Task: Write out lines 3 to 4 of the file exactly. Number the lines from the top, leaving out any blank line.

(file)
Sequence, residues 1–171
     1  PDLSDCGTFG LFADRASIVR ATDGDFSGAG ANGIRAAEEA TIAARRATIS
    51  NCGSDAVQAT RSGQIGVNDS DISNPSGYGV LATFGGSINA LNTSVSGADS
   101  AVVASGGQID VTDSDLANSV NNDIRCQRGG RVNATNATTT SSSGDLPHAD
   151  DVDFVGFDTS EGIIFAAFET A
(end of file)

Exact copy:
    51  NCGSDAVQAT RSGQIGVNDS DISNPSGYGV LATFGGSINA LNTSVSGADS
   101  AVVASGGQID VTDSDLANSV NNDIRCQRGG RVNATNATTT SSSGDLPHAD